The main diseases which attack beans are:
- Botrytis (Chocolate Spot)
- Ascochyta (Leaf and Pod Spot)
- Downy Mildew
Botrytis (Chocolate Spot)
Beans are attacked every year by chocolate spot, so all crops need protecting. The date of sowing, location and weather are the main factors determining the severity of the attack. Early sown autumn crops are more susceptible than late sown crops. Warm, wet weather favours the disease, and a heavy attack can defoliate a crop within 2 weeks. Crops in coastal areas are more susceptible than those located inland.
All crops should be inspected during flowering (i.e., during May for autumn sown crops and during June for spring sown crops) and sprayed if the level of chocolate spot is building up. Apply a second spray at the end of flowering or before the crop gets too tall to take a sprayer.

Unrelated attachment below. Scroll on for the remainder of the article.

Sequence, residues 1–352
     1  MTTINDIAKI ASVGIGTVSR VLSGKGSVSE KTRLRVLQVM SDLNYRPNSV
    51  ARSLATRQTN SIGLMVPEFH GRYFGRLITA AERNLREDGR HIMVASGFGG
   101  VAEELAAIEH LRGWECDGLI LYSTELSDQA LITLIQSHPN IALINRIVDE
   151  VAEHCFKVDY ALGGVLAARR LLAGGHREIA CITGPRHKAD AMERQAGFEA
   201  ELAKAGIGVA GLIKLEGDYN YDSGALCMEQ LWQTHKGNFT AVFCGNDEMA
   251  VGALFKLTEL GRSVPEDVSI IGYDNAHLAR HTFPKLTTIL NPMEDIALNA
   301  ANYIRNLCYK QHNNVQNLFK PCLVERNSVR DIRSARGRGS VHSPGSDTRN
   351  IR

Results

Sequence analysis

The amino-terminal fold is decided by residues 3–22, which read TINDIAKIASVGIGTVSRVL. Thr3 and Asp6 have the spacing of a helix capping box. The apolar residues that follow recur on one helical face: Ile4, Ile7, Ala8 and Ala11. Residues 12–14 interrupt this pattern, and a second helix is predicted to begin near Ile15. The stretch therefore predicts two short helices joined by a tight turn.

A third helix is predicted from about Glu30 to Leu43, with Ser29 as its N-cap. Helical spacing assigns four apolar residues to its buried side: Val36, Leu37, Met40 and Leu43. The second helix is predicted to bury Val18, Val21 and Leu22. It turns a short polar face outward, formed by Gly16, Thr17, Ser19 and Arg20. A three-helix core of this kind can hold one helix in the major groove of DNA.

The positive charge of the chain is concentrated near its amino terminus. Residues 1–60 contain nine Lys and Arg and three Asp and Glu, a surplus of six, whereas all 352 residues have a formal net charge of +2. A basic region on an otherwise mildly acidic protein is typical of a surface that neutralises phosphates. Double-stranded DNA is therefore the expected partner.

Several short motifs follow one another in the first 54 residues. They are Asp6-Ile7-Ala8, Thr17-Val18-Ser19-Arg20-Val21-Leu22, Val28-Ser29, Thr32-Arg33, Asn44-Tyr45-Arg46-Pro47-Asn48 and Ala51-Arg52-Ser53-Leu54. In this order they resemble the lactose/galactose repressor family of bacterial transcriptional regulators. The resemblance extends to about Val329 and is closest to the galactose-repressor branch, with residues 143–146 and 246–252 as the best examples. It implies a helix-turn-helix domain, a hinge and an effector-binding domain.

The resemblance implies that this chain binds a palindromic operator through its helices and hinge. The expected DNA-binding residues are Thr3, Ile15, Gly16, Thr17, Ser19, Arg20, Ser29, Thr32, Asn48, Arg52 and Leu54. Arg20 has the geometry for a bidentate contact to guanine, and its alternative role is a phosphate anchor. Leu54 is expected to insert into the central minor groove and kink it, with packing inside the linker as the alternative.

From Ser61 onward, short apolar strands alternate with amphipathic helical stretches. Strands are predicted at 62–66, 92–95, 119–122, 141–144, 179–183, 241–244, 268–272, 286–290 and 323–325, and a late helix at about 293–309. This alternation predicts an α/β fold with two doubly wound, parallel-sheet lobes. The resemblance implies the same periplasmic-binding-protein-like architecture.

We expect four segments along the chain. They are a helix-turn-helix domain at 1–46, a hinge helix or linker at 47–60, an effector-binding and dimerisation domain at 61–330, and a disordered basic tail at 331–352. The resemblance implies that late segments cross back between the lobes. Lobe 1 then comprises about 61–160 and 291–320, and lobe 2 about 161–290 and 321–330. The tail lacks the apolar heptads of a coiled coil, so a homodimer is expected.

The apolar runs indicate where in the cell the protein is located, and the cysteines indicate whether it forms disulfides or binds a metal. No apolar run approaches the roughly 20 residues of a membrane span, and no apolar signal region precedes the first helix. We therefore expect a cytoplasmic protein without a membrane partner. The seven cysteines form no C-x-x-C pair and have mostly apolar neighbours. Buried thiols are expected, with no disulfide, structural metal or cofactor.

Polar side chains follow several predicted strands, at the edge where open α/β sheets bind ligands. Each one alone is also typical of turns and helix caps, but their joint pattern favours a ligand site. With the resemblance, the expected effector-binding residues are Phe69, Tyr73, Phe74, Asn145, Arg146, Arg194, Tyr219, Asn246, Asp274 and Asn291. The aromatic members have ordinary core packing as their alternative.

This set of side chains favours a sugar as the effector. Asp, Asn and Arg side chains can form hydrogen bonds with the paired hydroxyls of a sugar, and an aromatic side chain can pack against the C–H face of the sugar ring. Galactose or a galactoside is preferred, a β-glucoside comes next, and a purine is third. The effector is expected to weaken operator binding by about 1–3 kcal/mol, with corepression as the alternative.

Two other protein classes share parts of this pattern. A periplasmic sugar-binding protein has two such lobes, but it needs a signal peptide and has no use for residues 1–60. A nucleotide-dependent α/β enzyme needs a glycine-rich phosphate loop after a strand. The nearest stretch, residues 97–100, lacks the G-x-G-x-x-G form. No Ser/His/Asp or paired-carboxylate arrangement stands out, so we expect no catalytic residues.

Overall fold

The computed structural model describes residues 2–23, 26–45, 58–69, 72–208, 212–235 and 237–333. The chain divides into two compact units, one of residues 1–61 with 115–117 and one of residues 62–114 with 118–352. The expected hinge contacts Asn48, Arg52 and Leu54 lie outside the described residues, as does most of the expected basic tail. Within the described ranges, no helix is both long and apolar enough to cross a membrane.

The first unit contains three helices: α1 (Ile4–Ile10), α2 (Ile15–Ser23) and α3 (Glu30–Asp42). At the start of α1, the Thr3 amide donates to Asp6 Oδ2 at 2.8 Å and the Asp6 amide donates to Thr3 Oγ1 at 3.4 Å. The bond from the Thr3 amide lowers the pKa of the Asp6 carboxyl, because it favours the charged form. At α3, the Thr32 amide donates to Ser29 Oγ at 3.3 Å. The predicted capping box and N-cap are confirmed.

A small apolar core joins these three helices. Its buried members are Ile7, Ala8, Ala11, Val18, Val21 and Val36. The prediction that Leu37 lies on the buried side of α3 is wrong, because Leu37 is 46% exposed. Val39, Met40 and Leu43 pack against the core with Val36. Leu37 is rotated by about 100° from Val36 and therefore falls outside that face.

Ascocyhta (Leaf and Pod Spot)
This disease is mainly found on autumn sown beans. Spring sown crops rarely suffer yield losses from Aschohyta. The main source of Ascochyta is infected seed. Infection can also spread from over wintering bean volunteers in nearby fields. There is no effective foliar fungicide available to control this disease, so prevention is the only answer. Use disease free seed and resistant varieties. Destroy all bean volunteers on the farm before drilling the new crop.
Occasionally, both winter and spring bean crops are attacked by downy mildew, which can spread rapidly during warm weather. It rarely causes serious damage, but if the disease is spreading during late May and June, a preventative spray may be worthwhile.
Rust can attack beans, but it is very rare in Ireland.
Sclerotinia is a soil borne disease and is prevented by good rotation.